At some point today, we’d like you all to update the ‘pledge wall’. Look at the pledges you made after the Learning Festival in January and let us know how it’s gone. What’s worked? What hasn’t? How will you move your learning forward even further?
So there are two things I encourage you to do today:
- Put your practice out there; see what others think and have dialogue about what works best. Share the risks you’ve taken, the times that you’ve been bold and what learning has come from that.
- By openly sharing the challenges we’re experiencing in our practice with colleagues; we’re more easily able to move past them because we can use their experience, ideas and suggestions. We can engage too with research and evidence.
Running through term time; with its challenges and tasks at times assaulting us can feel like this. It’s important for us to find some time to breathe, to reflect, to share practice and success and…
hopefully have some fun too.
A few years ago, I attended a Learning & Development Conference. One of the activities I was a part of was shared as a way of changing the working environment into one filled with:
- Celebrating achievement
- Having fun
- Championing one another
The speaker who shared the activity said that it had been played every morning in the office and a trophy given to the winner.
It’s a bold risk for me to trying this with co many of you know but let’s give it a go! (It wasn’t the most successful activity ever but the majority took part).
After a demo, we played and finally ended up with our winner.
— Steve Kelly (@stevekellyuk) March 9, 2017
I shared a hope that the energy created now can be carried through the day; leading to championing of and supporting of one another, genuine collaboration, positivity and fun.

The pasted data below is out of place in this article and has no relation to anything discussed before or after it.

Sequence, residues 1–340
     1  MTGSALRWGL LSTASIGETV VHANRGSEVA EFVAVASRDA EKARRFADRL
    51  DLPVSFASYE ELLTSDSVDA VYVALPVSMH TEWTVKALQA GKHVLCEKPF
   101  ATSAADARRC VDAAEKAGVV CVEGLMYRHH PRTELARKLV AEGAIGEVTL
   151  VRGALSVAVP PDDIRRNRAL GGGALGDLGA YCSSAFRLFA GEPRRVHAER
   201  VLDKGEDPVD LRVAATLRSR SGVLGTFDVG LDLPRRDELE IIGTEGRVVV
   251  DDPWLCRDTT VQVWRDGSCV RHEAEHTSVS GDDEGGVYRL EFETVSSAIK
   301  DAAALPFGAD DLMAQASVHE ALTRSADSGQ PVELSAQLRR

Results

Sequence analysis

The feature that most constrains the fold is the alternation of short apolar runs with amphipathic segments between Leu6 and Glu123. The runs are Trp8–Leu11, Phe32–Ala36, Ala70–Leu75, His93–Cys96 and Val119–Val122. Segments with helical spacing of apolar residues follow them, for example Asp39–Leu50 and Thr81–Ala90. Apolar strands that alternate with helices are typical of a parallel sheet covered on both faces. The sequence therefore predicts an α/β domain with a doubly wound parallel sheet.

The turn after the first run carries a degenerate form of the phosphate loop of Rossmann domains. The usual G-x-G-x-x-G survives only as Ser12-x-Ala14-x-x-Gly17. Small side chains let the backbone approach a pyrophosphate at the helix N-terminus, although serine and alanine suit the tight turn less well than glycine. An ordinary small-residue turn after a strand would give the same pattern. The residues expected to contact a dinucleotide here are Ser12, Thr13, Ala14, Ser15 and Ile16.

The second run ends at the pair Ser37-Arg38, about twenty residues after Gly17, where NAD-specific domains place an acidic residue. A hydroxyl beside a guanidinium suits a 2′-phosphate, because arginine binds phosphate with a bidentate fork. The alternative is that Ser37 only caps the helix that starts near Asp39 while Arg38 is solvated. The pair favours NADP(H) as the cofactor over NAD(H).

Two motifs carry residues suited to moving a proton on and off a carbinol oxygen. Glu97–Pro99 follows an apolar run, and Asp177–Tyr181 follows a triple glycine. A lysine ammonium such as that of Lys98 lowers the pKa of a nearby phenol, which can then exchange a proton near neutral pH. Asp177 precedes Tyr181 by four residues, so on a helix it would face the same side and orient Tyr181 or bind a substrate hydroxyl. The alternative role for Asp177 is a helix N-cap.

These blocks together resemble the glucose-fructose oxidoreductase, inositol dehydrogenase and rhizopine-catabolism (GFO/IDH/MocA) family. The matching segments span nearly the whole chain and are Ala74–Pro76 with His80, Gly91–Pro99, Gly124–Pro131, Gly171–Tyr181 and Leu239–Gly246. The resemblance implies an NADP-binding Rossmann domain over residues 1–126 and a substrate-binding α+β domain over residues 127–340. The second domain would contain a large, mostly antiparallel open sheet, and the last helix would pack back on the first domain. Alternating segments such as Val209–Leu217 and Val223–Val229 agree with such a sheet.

The first activity of today will allow us all to spend some time engaging with practice; exploring the Cornerstones of practice (designed to incorporate the 13 themes of teaching, learning and assessment that you’ll already be familiar with). After this 2 hour activity, you’ll then join your teams for the remainder of the day until 3.30pm. At which point, you’ll be heading back here to review one another’s displays produced for the Cornerstones activity. There will be an opportunity for you to vote on the display you think best meets the criteria.
Now my end for the speech was somewhat scuppered due to my facilitators stealing my cocktail umbrellas during the morning briefing. If I had been able to give them out to everyone, they would have been a reminder that although the summer weather is on its way, it doesn’t mean that stepping out of the door without an umbrella isn’t taking a bit of a risk. What risk could it remind you to take today? How could you use it as shelter from all of your other competing priorities so that you can just enjoy some time and space to consider your development?
I hoped that everyone would have a great day filled with learning, that they wouldn’t forget to share their learning more widely on Twitter at #TSCornerstones and be bold for change!